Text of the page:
Interactive graphic novel mash ups, mobile transmedia scavenger hunts, service corps? As innovative technologies transform our society, encouraging and strengthening civic participation, conversation and interaction through social and mobile media, great concern still exists regarding the accessibility of credible and up-to-date information among communities of color, low-income users, senior citizens and others. A growing consensus is that today’s public media must do more to fully reflect the public’s needs and engage the entire range of community members at the local level. As noted in the influential 2009 Knight Commission report, Informing Communities: Sustaining Democracy in the Digital Age, America needs to support local resources and institutions to ensure that democratic values of openness, inclusion, participation, and empowerment thrive across all appropriate media, engaging members of the public in their role as active citizens. But what are the elements of a 21st century public media that meets the needs of our increasingly diverse and sophisticated publics? Who are the partners poised to realize the vision of Public Media 2.0, to create an ecosystem that is “more local, more inclusive and more interactive,” as the Knight Commission Report put it. Architects of and participants in three provocative prototypes that push the boundaries of public media will share their experiences working with communities of various kinds, with various needs to create new models.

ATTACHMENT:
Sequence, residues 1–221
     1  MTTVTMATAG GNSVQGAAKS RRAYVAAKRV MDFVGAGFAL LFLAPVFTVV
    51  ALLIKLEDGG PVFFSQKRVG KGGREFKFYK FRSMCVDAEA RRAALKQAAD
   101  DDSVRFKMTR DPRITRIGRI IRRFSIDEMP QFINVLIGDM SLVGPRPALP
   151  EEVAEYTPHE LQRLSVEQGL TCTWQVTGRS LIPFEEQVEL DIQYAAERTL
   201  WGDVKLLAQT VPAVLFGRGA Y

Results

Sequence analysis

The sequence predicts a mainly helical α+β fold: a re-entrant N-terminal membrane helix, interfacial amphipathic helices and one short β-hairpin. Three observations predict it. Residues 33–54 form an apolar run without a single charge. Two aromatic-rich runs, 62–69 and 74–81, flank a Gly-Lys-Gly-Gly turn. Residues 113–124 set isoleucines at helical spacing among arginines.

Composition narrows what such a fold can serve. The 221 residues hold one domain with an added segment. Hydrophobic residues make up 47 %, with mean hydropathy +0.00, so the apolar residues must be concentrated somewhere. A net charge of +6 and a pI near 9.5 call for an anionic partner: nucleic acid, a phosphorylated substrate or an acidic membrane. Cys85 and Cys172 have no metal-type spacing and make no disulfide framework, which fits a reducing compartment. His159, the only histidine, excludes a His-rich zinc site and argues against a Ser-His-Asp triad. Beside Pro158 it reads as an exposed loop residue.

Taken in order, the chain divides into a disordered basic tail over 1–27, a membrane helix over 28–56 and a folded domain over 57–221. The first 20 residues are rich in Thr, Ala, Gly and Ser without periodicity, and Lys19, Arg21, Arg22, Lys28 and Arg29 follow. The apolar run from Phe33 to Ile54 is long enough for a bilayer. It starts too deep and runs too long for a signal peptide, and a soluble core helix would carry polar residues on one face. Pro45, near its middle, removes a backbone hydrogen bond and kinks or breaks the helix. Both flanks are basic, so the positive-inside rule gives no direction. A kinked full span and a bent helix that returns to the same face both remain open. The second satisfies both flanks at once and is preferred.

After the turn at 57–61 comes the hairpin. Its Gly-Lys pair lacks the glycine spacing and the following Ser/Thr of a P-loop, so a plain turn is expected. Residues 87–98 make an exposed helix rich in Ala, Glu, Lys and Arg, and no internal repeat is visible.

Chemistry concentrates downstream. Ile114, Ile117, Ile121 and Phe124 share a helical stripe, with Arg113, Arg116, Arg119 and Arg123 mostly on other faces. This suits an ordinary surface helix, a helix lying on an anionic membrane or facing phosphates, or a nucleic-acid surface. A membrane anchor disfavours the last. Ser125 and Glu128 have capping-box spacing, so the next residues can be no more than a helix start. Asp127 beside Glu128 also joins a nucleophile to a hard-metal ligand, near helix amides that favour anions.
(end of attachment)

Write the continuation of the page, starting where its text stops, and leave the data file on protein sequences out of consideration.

As the digital revolution decimates traditional local news media, a variety of new organizations are emerging – fitfully – to fill the gaps. Some of their challenges, such as content creation and technology, are relatively easy to solve. But others – building an audience and finding sustainable revenues – are much harder. In this session, you’ll learn about current and upcoming experiments, partnerships and models – and how PBS, NPR and their member stations can support this new local-news ecosystem.
11th–15th March 2011